CHICAGO — As part of a weekly, hourlong webinar focused on COVID-19, the Buffett Institute for Global Affairs at Northwestern University hosted Dr. Robert Murphy, executive director of the university’s Institute for Global Health and a professor of infectious diseases at the Feinberg School of Medicine, to provide insight into the virus and its effects. He’s an expert in HIV infection, viral hepatitis, antiviral drug development and global health.
Murphy’s presentation, “Blunting the Impact of COVID-19,” refers to the graph of the line that marks the passage of time and the number of fatalities. The higher the bump, the more deaths. “Blunting” the bump means decreasing the number of deaths. Murphy discussed the mortality rate of coronavirus, its impact on the health care system and what measures we can take to lessen its consequences.
Here’s some of what we learned. Answers have been edited for clarity and brevity.
Q. Have we learned anything new about the virus?
A. Loss of smell may be one of the first symptoms of COVID-19.
Q. When should we expect more serious death numbers?
A. The model shows that the U.S. is in the peak infection stage, but the damage will occur later in the year. The peak damage estimate is during May through June.
Q. How many people should we be testing right now?
A. We should be testing 4,000 people in Illinois daily and 100,000 people in the United States daily. “We are not doing that,” Murphy said.
Q. Why do we keep hearing experts say that testing is important?
A. Besides identifying those who have COVID-19, there are a lot more people than we thought who have no symptoms but are infectious and spreading the disease. The only way to prevent this are mass screenings. “If we don’t do mass screenings, I think nothing else will work.” South Korea has done the most tests out of any country and has seen it pay off in blunting the curve.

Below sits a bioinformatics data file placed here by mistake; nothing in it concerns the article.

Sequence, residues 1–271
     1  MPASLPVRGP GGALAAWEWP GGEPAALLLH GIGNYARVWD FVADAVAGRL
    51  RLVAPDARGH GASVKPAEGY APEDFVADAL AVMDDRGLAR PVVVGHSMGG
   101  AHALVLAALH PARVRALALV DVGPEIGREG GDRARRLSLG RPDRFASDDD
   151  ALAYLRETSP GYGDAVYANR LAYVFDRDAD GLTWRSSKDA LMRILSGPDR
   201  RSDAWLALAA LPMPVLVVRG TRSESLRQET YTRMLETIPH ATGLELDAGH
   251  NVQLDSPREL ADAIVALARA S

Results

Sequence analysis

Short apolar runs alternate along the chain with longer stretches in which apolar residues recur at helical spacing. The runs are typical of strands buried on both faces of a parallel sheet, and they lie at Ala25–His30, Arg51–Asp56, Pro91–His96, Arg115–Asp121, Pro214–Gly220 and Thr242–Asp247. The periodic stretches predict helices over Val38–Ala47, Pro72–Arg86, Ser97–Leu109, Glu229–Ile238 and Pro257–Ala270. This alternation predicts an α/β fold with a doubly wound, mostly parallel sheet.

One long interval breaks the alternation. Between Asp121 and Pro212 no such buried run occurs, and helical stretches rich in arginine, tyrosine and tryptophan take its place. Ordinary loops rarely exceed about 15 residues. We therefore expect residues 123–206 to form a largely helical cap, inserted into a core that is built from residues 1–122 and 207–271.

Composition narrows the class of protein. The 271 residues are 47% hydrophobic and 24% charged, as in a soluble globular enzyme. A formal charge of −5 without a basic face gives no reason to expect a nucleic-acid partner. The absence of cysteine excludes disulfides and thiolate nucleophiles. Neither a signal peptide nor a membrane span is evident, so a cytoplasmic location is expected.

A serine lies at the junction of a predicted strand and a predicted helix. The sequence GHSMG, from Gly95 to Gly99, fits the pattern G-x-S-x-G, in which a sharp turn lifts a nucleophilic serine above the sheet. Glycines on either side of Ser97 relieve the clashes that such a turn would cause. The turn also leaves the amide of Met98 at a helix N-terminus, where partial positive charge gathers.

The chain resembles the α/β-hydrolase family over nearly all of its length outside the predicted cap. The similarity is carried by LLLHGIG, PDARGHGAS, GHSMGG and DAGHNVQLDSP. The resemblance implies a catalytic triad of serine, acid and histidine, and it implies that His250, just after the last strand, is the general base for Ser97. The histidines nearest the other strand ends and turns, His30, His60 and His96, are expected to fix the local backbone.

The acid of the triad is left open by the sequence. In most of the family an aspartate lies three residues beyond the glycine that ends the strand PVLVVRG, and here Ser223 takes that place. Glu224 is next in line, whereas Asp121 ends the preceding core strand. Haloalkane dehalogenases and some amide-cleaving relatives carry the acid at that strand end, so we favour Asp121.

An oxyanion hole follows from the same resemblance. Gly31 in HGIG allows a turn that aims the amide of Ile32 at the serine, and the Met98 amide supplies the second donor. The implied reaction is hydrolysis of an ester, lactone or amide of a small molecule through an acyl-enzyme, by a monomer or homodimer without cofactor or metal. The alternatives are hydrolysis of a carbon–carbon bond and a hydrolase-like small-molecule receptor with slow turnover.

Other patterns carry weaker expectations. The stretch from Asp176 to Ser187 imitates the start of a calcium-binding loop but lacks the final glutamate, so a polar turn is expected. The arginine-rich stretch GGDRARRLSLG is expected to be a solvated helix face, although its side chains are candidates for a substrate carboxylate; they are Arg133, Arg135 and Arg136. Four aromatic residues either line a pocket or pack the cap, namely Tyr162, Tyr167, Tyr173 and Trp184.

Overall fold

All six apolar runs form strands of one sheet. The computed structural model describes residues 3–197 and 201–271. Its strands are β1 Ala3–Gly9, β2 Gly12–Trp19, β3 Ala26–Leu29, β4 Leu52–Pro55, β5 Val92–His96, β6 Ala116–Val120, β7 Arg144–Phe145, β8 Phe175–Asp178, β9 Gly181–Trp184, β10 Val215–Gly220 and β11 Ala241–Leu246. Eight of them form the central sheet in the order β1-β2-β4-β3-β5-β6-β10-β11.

Q. Do we really need such an extreme reaction?
A. “The more forceful we act now, the shorter the problem will be.” Places like South Korea, Japan, Hong Kong, Taiwan and Singapore have been able to suppress the infection because of their strict measures.
Q. How long do we need to practice social distancing to get us through the epidemic?
A. “It’s not 15 days.” There are models that show the stricter you are, the shorter the bump. If we stop these interventions and leave it up to the states, I think we’re in a lot of trouble for the next 12 to 24 months. “If we all get on the same page, we can start seeing decline in the early to midsummer.”
Q. When will we know that shelter in place is working?
A. Public health officials are following the numbers closely. As soon as the number of new cases starts to level off, then starts to go down, we’re going in the right direction.
Q. What would happen to the hospitals if we don’t blunt the curve?
A. “We just don’t have the beds.” The intensive care units will be overwhelmed with people who need ventilators. People working in the hospitals need masks, gloves, gowns, and we don’t have the capacity today to even provide hospitals with the amount of protective equipment that is necessary. It could lead to the collapse of the hospital system. Don’t forget: Coronavirus cases would be on top of what’s already going on during a normal day in a hospital.